IV.  Jim Crow Litigation as a First Step

Compared to political activism, reparations advocacy through litigation may have greater potential to create interest convergence. As Professor Hylton and others have noted, the chances of successful litigation are greatly increased where the reparations claim can be framed as a traditional civil rights issue, allowing the courts to concentrate on statute of limitations problems rather than on creative theories of litigation.68 Two recent holocaust litigation cases suggest that, in circumstances similar to those presented in the Oklahoma litigation, there are, at the very least, grounds for tolling the statute of limitations.69 Given that the Oklahoma litigation does not seek to rely on a novel theory of injury, the statute of limitations issue is essentially the only bar to recovery.70

The point of reparations advocacy through litigation, as opposed to reparations political activism, is to create convergence by changing the stakes of the debate. That is certainly what happened during the litigation leading up to the decision in Brown v. Board of Education,71 and litigation success—indeed, perseverance—also changed the stakes in the Japanese-American internment debate. Once the Ninth Circuit Court of Appeals found that the federal government had made a material misrepresentation about the military exigency of its curfew and ex[*PG27]clusion policies of 1942, which it then hid for almost forty years, the statute of limitations was tolled and a suit was allowed to proceed in the mid-1980s.72 It was that outcome that prompted the reparations payments under the Civil Liberties Act.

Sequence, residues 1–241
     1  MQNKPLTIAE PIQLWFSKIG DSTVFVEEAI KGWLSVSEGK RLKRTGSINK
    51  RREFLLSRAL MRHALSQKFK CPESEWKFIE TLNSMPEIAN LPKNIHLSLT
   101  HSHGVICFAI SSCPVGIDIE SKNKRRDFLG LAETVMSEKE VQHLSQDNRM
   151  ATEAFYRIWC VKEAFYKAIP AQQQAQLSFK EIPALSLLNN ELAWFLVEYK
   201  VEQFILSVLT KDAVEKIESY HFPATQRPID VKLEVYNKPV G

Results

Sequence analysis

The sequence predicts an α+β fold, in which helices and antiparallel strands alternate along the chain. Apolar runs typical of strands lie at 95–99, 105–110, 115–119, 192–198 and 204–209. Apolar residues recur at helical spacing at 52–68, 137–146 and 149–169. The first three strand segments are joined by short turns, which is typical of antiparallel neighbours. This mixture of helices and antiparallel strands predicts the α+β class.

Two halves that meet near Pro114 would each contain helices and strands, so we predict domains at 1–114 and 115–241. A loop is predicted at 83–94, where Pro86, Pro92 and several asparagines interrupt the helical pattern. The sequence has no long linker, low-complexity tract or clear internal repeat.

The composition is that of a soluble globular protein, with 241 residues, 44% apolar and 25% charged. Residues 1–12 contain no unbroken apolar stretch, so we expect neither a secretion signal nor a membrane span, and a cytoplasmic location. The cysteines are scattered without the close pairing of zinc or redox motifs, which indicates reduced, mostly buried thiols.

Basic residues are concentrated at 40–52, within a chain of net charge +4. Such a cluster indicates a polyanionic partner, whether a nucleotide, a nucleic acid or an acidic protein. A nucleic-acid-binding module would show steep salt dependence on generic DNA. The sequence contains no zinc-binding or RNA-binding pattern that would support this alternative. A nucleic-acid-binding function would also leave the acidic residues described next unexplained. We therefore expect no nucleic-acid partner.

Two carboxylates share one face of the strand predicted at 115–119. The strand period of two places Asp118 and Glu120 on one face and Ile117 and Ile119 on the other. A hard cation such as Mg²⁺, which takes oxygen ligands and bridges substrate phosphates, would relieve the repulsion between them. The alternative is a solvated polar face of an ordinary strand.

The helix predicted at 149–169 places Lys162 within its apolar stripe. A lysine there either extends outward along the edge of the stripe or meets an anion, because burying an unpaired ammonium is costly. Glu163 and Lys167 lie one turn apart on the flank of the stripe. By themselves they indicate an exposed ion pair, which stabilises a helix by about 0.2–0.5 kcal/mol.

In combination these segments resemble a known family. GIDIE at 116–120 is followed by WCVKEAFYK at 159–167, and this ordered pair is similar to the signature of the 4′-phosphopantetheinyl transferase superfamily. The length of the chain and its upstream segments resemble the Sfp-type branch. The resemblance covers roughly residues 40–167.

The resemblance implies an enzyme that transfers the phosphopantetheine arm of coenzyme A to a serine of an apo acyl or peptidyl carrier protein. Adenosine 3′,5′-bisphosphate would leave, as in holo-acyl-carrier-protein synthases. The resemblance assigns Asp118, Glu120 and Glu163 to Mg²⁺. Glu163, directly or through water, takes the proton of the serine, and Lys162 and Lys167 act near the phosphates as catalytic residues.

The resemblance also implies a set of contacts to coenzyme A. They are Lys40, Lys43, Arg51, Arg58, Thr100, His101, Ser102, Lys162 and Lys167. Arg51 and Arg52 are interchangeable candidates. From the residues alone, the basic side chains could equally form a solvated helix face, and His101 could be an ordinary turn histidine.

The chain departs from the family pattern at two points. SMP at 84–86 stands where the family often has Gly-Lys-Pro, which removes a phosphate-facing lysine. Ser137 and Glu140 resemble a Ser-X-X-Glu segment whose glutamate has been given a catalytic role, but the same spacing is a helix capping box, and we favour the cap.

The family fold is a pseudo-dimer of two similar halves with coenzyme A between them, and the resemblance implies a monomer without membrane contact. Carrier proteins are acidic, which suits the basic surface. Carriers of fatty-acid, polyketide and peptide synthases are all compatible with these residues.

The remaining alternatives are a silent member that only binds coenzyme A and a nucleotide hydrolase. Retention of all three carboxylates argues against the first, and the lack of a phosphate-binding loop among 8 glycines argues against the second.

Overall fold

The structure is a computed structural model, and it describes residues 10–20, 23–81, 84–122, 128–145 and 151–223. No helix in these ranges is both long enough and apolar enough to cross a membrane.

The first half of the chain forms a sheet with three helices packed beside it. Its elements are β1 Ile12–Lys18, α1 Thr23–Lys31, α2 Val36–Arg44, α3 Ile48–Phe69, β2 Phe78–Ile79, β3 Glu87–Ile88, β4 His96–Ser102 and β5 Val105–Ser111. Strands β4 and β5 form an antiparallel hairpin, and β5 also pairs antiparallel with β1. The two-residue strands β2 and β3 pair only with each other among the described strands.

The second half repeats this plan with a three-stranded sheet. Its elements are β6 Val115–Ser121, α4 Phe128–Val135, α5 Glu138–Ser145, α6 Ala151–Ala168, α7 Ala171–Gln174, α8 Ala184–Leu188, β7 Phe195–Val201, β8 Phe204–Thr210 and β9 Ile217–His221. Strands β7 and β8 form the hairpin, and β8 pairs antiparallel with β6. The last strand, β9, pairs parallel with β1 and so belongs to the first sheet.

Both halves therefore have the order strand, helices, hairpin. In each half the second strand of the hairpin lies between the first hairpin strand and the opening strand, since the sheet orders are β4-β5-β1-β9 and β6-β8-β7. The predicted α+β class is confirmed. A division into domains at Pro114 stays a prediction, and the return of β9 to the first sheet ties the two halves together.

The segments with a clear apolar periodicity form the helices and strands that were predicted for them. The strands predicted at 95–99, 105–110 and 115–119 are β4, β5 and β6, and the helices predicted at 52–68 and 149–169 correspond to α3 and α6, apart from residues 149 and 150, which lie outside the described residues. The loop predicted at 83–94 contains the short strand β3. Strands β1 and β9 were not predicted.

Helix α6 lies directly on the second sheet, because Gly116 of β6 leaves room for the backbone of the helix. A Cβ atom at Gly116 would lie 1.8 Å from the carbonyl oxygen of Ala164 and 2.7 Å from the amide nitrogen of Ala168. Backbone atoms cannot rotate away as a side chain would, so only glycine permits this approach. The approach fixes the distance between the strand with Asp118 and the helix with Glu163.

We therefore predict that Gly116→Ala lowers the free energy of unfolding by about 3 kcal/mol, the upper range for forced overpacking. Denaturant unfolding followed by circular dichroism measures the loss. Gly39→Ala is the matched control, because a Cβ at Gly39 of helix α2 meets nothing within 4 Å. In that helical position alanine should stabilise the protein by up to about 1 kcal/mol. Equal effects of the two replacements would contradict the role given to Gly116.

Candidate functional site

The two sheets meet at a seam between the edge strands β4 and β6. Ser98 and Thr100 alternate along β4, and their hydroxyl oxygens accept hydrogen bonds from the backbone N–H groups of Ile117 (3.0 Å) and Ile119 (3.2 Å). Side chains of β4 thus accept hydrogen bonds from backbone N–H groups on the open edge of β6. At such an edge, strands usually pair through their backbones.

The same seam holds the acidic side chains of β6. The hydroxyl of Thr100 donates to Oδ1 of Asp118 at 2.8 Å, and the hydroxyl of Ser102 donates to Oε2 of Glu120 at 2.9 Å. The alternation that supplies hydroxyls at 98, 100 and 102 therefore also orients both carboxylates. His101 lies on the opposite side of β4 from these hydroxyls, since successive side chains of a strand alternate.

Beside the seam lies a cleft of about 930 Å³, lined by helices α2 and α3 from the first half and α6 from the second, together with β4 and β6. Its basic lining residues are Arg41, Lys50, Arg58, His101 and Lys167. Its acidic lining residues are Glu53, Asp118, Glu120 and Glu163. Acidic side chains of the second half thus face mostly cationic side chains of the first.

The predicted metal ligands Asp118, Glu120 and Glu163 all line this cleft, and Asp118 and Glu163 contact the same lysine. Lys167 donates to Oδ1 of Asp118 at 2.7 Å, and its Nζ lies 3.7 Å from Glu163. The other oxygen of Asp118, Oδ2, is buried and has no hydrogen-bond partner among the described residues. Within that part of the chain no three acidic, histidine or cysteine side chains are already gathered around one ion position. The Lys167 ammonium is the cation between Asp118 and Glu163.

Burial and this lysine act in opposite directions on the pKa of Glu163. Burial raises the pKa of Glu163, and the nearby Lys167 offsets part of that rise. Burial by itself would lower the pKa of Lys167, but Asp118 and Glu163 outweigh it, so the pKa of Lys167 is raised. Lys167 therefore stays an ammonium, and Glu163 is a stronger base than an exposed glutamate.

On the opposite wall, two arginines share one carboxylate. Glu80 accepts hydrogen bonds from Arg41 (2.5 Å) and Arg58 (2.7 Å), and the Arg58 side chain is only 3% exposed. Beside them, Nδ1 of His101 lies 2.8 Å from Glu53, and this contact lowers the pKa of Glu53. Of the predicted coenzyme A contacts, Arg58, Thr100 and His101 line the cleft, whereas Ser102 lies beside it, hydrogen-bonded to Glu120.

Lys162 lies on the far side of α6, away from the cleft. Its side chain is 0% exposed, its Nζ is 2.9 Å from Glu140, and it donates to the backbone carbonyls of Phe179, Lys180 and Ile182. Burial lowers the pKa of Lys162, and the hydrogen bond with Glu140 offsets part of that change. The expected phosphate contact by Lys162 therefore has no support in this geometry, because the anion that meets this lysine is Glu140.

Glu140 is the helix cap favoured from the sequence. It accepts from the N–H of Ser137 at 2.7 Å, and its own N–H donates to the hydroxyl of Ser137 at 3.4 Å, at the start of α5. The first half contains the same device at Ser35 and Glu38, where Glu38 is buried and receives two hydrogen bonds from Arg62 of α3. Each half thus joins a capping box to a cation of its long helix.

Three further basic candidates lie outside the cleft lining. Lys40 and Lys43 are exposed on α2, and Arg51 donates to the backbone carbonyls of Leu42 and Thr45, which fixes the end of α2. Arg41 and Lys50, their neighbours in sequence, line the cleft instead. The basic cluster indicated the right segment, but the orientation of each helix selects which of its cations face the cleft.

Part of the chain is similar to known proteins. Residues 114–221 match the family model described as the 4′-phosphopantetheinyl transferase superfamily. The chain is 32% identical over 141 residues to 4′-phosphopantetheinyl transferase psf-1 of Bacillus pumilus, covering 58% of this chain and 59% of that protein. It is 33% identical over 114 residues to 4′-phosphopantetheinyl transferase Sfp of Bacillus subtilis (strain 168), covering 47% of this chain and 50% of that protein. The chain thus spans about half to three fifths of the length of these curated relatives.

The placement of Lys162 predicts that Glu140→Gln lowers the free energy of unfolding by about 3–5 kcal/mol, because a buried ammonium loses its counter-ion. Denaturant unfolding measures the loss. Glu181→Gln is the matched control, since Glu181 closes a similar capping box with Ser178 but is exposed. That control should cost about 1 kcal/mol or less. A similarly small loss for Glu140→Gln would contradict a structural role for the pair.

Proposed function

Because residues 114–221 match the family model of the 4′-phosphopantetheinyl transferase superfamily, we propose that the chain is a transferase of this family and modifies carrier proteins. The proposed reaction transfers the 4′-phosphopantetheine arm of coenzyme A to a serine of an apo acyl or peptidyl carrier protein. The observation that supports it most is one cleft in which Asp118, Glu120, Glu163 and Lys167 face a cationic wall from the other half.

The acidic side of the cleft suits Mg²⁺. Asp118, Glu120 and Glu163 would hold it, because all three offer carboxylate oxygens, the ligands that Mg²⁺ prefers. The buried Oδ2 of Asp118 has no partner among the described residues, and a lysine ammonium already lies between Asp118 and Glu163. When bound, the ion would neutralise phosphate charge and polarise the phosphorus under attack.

The history of Brown demonstrates that incremental successes won on a divergent but related legal theory can result in convergence on the underlying goal of an initially unpopular legal strategy. Brown also demonstrates that such a strategy need not appeal to the majority of whites, but only those who have the power to change things. In other words, Bell is perhaps unduly pessimistic to suggest that: